Recently, one of my students asked how many days are left in first grade. I replied that we weren’t going to think about that yet. She told me she just wondered how long until we will be sad!
I do a lot of reflecting in April, thinking about my class and their progress. The 29 charges with whom I’m trusted this year do keep life interesting! I enjoy their thinking and how they share that, and their perspectives on life. I’ll share a “visit” to our class, starting with the note I received this morning. “Miss Birt, I hope you have a good life. You get loads of stuff done. I hope the best for you! Love, Allie” These kinds of notes make my day and provide motivation to keep going strong.
I noticed Jonathan was hobbling as he went to the gym from music class, and I wondered what was going on. I called him over, and as he half-hopped to me, I realized that he could not walk correctly because his shoelaces were tied together—left shoe to right shoe!
“They got tangled up!”
Hmmm…. Did you ever hear of shoelaces getting tangled up on their own? I told him, “Don’t give me that. What were you doing?”
“I needed something to fidget with in Music!”
This teacher did not have the time or inclination to pick out very tight knots, so Jonathan worked on it, but couldn’t get them either. I said he’ll have to go sock-footed, but he can’t go out of the room like that, so his mom had to bring him other shoes for the day!
The 29 charges with whom I’m entrusted this year do keep life interesting! This morning, one of the first comments I heard was, “Yesterday was the best day ever!” I wondered why Elias said this, assuming it was something from last evening since I couldn’t recall anything out of the ordinary from school yesterday.
He enthusiastically answered, “Because of the play!” Oh, so it was from school!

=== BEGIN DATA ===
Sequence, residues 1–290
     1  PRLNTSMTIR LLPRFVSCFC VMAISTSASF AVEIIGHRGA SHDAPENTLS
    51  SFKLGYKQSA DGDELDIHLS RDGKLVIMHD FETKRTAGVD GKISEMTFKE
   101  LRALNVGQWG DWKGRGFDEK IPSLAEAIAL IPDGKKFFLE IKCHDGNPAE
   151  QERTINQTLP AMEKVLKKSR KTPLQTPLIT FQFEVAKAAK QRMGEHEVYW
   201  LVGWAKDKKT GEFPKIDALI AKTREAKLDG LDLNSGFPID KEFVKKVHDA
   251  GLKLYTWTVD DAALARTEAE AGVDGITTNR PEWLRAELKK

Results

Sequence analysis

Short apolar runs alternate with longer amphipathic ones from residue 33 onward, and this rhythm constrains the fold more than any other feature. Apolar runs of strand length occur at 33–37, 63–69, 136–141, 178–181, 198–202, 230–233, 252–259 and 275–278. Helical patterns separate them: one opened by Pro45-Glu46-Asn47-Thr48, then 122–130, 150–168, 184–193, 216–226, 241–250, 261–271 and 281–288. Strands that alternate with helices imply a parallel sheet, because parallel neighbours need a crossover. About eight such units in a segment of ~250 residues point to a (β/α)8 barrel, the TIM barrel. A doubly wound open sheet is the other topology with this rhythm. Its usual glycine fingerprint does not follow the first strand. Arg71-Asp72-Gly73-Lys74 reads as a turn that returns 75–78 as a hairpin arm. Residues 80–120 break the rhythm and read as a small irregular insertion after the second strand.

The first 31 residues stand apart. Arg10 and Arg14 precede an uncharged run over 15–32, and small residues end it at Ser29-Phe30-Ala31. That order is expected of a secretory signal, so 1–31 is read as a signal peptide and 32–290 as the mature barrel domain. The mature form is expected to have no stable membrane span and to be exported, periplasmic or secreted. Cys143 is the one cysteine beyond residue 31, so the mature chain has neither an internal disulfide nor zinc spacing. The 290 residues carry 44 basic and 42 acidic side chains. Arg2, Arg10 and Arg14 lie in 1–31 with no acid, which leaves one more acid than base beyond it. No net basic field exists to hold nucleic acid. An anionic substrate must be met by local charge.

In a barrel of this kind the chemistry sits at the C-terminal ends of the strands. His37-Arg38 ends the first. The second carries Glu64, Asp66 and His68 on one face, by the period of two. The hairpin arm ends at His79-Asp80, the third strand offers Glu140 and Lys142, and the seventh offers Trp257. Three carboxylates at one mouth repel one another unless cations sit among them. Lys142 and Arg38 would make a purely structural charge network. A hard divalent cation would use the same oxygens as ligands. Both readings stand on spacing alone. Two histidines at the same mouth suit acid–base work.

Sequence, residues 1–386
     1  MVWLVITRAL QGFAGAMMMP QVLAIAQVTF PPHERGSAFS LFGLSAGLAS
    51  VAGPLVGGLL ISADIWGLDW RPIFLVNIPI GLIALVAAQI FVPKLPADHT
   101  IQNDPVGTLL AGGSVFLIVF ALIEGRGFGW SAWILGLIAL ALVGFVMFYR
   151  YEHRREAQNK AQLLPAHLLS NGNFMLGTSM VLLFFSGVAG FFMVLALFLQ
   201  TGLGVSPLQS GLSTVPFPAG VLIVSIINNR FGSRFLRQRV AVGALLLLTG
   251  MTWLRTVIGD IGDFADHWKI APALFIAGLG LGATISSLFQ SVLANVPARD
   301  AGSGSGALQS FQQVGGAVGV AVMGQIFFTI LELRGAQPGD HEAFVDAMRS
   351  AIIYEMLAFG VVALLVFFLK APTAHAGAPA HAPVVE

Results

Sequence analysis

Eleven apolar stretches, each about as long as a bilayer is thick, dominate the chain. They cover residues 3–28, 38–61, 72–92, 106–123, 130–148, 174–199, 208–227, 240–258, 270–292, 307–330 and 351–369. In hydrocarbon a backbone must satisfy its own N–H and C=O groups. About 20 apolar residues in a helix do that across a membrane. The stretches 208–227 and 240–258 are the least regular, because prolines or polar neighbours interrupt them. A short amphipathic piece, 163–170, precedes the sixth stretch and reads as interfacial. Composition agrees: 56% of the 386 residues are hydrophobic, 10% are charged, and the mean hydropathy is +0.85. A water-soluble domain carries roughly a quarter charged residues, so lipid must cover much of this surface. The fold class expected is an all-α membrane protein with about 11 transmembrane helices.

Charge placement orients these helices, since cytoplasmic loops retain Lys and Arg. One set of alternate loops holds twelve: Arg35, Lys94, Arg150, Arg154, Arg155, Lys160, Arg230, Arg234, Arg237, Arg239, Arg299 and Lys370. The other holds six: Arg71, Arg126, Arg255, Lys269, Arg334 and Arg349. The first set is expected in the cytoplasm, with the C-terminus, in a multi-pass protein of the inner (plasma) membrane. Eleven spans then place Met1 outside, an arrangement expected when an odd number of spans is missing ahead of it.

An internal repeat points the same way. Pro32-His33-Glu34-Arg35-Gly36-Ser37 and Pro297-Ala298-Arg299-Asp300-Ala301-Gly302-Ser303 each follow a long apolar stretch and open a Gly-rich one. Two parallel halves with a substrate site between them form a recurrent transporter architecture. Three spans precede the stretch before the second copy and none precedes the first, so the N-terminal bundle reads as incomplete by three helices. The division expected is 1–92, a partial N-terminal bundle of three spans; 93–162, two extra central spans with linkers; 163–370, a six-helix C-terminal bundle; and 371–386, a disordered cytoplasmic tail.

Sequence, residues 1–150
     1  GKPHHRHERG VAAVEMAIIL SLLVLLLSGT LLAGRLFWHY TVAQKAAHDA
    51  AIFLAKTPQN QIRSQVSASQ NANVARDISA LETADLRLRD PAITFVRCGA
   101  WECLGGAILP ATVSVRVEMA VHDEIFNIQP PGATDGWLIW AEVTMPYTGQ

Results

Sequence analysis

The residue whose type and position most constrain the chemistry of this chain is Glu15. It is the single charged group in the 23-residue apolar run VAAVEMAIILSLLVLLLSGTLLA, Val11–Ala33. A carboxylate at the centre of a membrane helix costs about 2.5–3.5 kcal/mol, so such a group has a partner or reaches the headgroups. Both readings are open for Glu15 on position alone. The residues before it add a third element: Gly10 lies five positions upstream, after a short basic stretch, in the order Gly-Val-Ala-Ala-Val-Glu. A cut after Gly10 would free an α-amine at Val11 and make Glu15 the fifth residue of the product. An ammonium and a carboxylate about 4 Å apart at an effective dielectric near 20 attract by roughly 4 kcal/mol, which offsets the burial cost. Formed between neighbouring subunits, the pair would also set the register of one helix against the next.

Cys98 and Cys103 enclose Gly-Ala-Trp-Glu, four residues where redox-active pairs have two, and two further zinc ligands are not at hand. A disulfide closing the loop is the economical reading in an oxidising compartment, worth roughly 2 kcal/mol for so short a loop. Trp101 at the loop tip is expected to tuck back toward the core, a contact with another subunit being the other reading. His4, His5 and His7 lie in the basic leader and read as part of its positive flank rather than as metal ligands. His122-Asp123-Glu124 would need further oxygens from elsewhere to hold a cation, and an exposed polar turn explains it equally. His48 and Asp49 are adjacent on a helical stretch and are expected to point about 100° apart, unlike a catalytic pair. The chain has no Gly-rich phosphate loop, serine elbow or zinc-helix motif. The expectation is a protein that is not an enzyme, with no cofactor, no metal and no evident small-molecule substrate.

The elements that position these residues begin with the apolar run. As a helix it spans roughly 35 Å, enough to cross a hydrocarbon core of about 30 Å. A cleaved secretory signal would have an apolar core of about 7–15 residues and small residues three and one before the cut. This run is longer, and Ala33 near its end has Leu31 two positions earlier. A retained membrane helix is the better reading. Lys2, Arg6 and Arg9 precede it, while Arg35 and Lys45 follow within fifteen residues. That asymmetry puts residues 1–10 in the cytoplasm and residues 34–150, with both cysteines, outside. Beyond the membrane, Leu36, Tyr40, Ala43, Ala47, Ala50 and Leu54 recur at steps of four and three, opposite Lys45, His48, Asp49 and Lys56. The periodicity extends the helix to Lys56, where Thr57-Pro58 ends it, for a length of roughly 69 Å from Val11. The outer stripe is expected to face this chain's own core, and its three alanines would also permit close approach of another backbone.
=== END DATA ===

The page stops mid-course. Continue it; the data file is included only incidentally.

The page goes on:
I was very pleased with the students’ work on that project. We had read “The Gingerbread Boy” as a play, then I read several versions of the story and we compared the stories. I divided the students into four groups and each group was to plan their own “Gingerbread Man” story, determining a setting, characters, plot, and an ending for the story. After planning and practicing, they acted out their stories for the class. We had a gingerbread stingray in a beach setting, a gingerbread Eskimo at the Arctic, a gingerbread boy and a girl in the jungle, and a gingerbread cowboy in the desert. I was very pleased with how they worked together and planned their stories. As I circulated, checking on and guiding groups, I saw one group where the children had a foot extended and Brandon was saying, “Bubble gum, bubble gum in a dish…” to decide who would be the polar bear. Yes, that’s a good way to peacefully make a decision.
Three boys have mastered the use of our classroom computers. They type the password, get on the network, type spelling words, do math facts, and assist other children. One day Computer #5 would not turn on, and I worked with it a little, but didn’t take time to keep after it. The next thing I knew, it was running! I asked about it and they informed me that Daryl had got it to work!
Over here are children writing words with “Bossy R” on our Bossy R posters. This child is climbing up to add words to our “Soft G” Giant. These students are enjoying reading and are so absorbed in their books that they don’t hear me giving instructions. Two are reading books while they eat lunch! The child who told his mom, “I can’t read,” is now reading a nonfiction book about fish and figuring out some fairly difficult words. He is also doing research and has created a poster about fish.
Besides the excitement of learning, we also have the interest of first-grade comments and humor. Kim asked if she could tell something to the class, so during lunchtime she told us all about her weekend. She talked nonstop for about seven minutes! After she finished, Cole drawled, “That took a while!”
After Joel showed his show-and-tell item, he observed, “That truck I brought is REALLY old. It was made in 1999.”
The students were to find some facts at home, and Angie told me, “My mom can really help me with this. She’s on the computer all day.” I thought to myself, “I doubt that, since she has eight children!”
I have told my administrator that I don’t like to be bored, and I can definitely say I am not bored! I love first grade and working with the children. Hopefully this “visit” to our class will provide some inspiration to those who teach the little people, and spur on anyone who teaches!
CONTRIBUTOR: Arlene Birt